Record Display for the EPA National Library Catalog


Main Title Food, inc. : Mendel to Monsanto--the promises and perils of the biotech harvest /
Author Pringle, Peter,
Publisher Simon & Schuster,
Year Published 2003
OCLC Number 51817455
ISBN 0743226119; 9780743226110
Subjects Agricultural biotechnology ; Genetically modified foods ; Food--Biotechnology ; Food, Genetically Modified ; Gentechnisch ver anderter Organismus ; Gentechnisch ver andertes Lebensmittel ; Pflanzenz uchtung ; Food industry ; Genetic engineering
Internet Access
Description Access URL
Sample text
Contributor biographical information
Publisher description
Library Call Number Additional Info Location Last
ENAM  S494.5.B563P74 2003 Region 7 Library, Kansas City, KS 08/15/2003 DISPERSAL
Collation ix, 239 pages ; 24 cm
Includes bibliographical references and index.
Contents Notes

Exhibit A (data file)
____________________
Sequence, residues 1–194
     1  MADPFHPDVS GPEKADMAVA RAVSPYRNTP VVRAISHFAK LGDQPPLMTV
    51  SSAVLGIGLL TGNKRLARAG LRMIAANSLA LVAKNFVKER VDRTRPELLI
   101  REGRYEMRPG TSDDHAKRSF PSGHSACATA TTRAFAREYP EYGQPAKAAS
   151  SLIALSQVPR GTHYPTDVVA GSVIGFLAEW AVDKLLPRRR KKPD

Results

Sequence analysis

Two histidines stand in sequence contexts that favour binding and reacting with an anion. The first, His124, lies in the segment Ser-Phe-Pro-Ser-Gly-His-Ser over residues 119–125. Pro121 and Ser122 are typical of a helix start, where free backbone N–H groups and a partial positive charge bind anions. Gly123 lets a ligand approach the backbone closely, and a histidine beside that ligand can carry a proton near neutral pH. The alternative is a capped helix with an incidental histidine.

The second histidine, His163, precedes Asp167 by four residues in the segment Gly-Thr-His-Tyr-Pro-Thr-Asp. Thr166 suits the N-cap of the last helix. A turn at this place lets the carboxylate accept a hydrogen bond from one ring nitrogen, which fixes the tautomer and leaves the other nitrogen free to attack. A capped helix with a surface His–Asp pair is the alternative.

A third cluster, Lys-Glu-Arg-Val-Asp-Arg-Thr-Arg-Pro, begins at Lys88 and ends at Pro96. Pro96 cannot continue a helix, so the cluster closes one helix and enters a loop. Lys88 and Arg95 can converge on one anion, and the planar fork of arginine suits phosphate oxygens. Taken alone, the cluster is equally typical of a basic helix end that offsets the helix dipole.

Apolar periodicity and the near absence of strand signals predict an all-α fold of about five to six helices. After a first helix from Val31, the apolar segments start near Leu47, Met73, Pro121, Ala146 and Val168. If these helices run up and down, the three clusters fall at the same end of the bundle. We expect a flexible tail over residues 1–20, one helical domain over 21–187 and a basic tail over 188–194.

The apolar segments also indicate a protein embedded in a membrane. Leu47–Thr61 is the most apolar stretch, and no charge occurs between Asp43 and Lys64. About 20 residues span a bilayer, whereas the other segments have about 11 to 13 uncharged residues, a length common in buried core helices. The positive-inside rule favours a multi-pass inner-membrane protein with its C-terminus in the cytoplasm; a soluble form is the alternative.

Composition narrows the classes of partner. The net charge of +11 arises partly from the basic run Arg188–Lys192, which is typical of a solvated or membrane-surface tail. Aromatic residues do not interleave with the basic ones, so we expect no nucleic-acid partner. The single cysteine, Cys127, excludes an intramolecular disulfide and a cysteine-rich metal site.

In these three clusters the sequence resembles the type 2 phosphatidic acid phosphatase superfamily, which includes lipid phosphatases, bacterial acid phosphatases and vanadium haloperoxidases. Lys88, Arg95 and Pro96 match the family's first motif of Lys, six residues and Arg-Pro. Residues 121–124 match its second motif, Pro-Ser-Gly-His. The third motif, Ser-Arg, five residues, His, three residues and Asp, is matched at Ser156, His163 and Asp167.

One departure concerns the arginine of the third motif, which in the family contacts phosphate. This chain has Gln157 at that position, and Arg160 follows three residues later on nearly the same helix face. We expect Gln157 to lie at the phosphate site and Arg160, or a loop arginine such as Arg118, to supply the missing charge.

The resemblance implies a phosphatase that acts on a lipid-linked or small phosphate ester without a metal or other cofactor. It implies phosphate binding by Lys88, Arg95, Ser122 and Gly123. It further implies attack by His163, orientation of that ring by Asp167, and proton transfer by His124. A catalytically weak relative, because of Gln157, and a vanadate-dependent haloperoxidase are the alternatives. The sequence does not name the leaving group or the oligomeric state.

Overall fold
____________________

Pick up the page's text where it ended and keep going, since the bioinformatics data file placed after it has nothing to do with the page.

Mendel's little secret -- Seeds of gold -- The plague of sameness -- A new sort of tomato -- The battle of basmati -- Of cauliflower, potatoes, and snowdrops -- Anatomy of a poisoned butterfly -- The plant hunters -- The cornfields of Oaxaca -- So shall we reap. For most people, the global war over genetically modified foods is a distant and confusing one. The battles are conducted in the mystifying language of genetics. A handful of corporate "life science" giants, such as Monsanto, are pitted against a worldwide network of anticorporate ecowarriors like Greenpeace. And yet the possible benefits of biotech agriculture to our food supply are too vital to be left to either partisan. The companies claim to be leading a new agricultural revolution that will save the world with crops modified to survive frost, drought, pests, and plague. The greens warn that "playing God" with plant genes is dangerous. It could create new allergies, upset ecosystems, destroy biodiversity, and produce uncontrollable mutations. Worst of all, the antibiotech forces say, a single food conglomerate could end up telling us what to eat. In Food, Inc., acclaimed journalist Peter Pringle shows how both sides in this overheated conflict have made false promises, engaged in propaganda science, and indulged in fear-mongering. In this urgent dispatch, he suggests that a fertile partnership between consumers, corporations, scientists, and farmers could still allow the biotech harvest to reach its full potential in helping to overcome the problem of world hunger, providing nutritious food and keeping the environment healthy.